Consumer prices in the U.S. showed a modest increase in the month of September, according to a report released by the Labor Department on Tuesday, with the uptick in prices matching economist estimates.
The Labor Department said its consumer price index rose by 0.2 percent in September after climbing by 0.4 percent in August.
Prices for used cars and trucks spiked by 6.7 percent, accounting for most of the monthly increase by the headline index.
The report said energy prices increased by 0.8 percent amid a jump in prices for natural gas, while food prices came in unchanged.
Excluding food and energy prices, core consumer prices still edged up by 0.2 percent in September following the 0.4 percent growth seen in August. The uptick in core prices also matched estimates.
The modest increase in core prices reflected the soaring prices for used cars and trucks as well as higher prices for shelter, new vehicles, and recreation.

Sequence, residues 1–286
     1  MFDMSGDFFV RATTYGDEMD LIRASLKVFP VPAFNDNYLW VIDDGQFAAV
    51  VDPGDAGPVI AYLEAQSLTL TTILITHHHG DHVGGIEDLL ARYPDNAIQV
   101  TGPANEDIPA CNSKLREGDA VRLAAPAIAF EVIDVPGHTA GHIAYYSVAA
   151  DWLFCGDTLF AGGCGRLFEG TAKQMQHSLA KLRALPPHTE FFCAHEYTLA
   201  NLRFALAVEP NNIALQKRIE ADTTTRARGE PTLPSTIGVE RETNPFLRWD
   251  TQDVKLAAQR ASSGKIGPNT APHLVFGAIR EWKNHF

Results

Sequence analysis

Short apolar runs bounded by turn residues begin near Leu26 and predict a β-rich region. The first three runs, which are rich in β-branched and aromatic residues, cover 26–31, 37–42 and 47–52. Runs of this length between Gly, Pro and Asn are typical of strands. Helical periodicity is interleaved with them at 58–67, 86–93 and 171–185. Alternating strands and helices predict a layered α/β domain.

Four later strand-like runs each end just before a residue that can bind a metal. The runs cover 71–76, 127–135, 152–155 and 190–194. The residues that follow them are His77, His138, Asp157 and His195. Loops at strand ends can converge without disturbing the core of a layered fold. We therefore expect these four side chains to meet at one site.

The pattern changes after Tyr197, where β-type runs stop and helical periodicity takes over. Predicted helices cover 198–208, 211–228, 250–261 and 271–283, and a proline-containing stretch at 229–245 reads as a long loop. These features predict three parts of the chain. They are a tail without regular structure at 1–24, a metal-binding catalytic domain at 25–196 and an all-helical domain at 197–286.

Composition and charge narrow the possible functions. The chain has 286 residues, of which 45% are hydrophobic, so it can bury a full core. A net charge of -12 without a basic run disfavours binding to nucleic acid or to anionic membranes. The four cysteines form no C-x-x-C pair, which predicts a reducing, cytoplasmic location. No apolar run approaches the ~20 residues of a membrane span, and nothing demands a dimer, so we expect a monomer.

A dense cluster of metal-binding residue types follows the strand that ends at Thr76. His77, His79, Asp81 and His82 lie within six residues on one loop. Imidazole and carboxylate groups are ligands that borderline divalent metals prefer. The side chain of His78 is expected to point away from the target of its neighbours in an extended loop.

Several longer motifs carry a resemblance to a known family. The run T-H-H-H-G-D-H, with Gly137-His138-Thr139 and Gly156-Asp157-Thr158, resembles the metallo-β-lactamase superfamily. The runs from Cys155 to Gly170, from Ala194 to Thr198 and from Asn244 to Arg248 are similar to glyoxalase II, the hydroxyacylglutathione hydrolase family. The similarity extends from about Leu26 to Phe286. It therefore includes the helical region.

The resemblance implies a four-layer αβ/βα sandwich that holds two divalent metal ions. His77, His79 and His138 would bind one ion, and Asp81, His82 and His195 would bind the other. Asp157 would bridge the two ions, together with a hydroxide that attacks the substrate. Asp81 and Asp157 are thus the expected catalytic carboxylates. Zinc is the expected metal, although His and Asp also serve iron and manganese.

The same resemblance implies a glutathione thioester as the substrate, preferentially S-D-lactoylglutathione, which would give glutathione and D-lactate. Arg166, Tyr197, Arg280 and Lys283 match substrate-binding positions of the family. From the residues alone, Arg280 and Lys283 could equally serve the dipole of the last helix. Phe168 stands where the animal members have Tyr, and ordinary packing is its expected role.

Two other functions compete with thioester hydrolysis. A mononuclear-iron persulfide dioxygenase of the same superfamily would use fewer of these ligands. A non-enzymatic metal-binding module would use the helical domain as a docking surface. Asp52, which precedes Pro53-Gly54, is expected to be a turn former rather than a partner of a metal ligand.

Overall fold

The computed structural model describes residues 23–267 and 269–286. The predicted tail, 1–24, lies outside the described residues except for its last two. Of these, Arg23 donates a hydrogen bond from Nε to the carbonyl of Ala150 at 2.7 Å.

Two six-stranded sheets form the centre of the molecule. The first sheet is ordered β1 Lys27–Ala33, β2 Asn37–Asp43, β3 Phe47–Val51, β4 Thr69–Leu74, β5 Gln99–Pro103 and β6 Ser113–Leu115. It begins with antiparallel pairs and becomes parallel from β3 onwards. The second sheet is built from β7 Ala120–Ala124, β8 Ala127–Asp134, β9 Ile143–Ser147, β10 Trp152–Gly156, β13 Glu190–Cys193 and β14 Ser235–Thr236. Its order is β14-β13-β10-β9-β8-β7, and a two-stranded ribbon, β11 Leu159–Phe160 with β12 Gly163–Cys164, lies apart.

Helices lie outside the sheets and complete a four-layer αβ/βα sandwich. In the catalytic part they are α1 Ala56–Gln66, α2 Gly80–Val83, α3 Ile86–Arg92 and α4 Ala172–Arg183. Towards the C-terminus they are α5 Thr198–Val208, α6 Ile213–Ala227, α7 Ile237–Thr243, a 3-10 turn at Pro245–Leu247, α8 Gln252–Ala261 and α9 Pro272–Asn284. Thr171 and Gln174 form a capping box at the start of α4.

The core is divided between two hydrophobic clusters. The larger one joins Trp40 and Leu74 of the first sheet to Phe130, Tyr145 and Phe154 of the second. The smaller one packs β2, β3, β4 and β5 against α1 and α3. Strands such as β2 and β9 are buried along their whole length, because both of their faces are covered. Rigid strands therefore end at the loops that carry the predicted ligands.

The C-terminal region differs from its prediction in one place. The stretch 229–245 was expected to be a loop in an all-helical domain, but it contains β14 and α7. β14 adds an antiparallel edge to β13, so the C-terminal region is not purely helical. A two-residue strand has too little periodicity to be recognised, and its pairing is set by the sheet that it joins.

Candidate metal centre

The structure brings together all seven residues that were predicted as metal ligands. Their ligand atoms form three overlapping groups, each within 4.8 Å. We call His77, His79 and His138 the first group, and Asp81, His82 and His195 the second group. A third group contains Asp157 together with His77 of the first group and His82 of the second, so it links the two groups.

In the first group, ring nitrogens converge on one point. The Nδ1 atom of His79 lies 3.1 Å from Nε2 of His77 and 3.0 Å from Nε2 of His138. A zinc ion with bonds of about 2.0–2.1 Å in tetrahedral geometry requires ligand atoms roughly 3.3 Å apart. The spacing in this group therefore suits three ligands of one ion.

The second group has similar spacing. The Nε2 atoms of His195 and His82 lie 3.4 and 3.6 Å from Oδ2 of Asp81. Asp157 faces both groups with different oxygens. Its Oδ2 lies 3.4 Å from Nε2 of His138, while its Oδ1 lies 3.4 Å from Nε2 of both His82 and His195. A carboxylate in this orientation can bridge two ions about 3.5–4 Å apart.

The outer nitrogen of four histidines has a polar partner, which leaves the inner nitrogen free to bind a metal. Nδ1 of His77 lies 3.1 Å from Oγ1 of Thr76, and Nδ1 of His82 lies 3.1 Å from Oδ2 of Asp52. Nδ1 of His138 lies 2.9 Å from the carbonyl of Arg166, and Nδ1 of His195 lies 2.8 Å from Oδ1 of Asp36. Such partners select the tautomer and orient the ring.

Meanwhile, decreases in prices for motor vehicle insurance, airline fares, and apparel helped to limit the upside for core prices.
Compared to the same month a year ago, consumer prices in September were up by 1.4 percent, slightly faster than the 1.3 percent growth seen in August.
Core consumer prices were up by 1.7 percent year-over-year in September, unchanged from the annual growth seen in the previous month.
“Base effects mean that core inflation on both the CPI and PCE measures is still likely to temporarily spike well above 2% early next year,” said Andrew Hunter, Senior U.S. Economist at Capital Economics.
He added, “Overall, however, the September CPI figures suggest that some of the initial upward pressure on prices resulting from supply constraints is now starting to fade.”
On Wednesday, the Labor Department is scheduled to release a separate report on producer prices in the month of September.
Producer prices are expected to edge up by 0.2 percent in September after rising by 0.3 percent, while core prices are also expected to tick up by 0.2 percent after climbing by 0.4 percent.
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